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In this book Gerald Sider rebuilds theories of class and class struggle, at the same time rethinking and making significant the concept of culture. Rooted in the history of the last two centuries of daily life in the maritime villages of Newfoundland and Labrador, the book develops an historical anthropology that interweaves ordinary moments, spectacular customs, and social confrontations, as well as exploring the role of folk culture in daily life, state politics, and labour domination. It also presents an original analysis of merchant capital, the often unexamined context of a great many anthropological studies, and a key factor in the integration of the hinterlands with regional and global economic systems.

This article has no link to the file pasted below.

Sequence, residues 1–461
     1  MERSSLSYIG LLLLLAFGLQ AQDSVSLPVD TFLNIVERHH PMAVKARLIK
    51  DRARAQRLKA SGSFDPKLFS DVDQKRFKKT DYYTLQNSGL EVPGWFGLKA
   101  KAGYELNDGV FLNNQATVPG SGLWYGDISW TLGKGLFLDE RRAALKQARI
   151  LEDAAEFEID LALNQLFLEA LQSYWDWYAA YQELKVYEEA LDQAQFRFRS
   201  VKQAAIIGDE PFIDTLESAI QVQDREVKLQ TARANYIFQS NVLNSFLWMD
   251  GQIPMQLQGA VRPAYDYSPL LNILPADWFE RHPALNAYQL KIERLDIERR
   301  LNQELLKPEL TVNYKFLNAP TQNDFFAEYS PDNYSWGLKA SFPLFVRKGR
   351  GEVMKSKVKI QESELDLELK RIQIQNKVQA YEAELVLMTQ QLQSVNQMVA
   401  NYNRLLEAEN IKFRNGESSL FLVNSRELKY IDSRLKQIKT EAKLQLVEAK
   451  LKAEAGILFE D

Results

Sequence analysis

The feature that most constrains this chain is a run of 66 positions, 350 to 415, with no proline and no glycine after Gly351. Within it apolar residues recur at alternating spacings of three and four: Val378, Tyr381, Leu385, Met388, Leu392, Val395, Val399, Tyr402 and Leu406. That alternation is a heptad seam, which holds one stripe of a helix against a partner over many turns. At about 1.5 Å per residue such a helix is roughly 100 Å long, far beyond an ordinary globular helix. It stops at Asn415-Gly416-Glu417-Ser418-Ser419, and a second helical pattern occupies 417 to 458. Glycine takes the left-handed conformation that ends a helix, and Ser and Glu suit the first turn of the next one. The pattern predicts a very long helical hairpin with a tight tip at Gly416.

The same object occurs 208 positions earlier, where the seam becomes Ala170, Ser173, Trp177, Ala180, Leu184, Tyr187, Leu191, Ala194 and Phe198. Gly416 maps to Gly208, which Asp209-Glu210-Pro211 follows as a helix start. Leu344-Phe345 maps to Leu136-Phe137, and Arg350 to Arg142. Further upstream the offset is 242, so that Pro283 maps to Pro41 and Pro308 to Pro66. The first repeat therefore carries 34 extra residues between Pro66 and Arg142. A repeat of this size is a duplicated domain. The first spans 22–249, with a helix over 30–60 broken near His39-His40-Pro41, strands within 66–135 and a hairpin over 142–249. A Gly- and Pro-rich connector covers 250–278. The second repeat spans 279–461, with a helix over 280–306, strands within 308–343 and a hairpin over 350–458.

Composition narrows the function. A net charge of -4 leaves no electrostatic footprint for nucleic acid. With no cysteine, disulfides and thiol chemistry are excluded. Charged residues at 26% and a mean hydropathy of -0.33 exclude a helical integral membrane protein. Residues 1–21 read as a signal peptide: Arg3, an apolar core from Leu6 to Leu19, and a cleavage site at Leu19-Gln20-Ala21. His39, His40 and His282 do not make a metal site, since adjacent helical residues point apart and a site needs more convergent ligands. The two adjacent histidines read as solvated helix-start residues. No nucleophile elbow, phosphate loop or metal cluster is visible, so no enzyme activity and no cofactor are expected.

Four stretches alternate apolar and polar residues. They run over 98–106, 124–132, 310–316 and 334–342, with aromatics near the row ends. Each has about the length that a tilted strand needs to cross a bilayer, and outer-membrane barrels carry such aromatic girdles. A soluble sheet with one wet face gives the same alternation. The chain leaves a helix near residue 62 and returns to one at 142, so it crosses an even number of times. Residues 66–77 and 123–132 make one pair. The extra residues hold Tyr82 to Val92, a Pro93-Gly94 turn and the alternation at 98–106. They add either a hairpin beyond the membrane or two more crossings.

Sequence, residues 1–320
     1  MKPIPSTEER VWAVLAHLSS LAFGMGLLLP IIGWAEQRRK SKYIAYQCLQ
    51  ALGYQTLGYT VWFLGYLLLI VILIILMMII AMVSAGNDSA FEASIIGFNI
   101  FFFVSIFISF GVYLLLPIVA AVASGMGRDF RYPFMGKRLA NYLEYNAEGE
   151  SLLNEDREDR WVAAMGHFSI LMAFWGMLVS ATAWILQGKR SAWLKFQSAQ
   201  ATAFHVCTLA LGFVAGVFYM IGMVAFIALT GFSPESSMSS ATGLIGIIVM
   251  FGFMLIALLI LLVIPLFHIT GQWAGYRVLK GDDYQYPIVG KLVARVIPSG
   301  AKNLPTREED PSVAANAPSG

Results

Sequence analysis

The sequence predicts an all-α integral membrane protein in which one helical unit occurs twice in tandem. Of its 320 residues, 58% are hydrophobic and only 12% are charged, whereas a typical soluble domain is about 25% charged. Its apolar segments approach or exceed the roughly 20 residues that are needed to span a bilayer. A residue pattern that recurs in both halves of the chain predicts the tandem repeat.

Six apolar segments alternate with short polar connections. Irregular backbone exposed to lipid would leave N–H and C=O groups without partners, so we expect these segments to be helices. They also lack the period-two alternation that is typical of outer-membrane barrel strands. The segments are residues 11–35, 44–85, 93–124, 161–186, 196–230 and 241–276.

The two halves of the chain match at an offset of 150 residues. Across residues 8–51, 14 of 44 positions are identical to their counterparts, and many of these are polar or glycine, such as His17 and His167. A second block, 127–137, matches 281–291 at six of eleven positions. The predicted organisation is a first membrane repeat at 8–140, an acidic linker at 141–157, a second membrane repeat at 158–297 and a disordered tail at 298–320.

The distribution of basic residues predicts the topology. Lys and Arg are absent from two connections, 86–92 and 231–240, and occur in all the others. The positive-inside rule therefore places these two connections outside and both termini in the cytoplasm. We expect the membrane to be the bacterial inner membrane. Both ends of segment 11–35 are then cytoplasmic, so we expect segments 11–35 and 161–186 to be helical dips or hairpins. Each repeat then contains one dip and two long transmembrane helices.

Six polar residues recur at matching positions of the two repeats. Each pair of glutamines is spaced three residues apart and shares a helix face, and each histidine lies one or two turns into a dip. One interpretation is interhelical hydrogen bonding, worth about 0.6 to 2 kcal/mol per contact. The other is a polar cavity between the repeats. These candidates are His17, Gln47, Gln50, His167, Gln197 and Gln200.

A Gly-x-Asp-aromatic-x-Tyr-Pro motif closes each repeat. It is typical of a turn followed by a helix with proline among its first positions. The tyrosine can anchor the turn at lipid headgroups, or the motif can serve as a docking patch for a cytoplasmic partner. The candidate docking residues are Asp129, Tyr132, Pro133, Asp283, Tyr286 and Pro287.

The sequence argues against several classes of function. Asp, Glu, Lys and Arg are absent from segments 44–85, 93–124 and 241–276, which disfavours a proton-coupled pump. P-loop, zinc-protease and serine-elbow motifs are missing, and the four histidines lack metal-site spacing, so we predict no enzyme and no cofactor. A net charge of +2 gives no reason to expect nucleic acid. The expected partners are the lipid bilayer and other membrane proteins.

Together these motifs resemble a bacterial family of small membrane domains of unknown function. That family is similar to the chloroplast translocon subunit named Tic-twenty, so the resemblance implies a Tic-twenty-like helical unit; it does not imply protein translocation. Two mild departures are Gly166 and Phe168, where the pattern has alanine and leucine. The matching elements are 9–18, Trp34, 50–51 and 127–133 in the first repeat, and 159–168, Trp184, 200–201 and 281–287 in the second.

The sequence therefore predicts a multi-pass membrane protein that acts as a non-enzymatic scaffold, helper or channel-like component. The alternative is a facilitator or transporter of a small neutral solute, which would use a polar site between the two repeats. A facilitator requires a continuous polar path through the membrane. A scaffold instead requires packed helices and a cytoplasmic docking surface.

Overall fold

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Gerald Sider analyses maritime villages in Newfoundland and Labrador, through class and class struggle. He illustrates two centuries of daily life by interweaving ordinary moments, spectacular customs and social confrontations. This book presents an original analysis of merchant capital that has influence in the wider economic systems.Language Notes:
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Book Description Condition: Brand New. New. Seller Inventory # DH PB29pg552to851-5817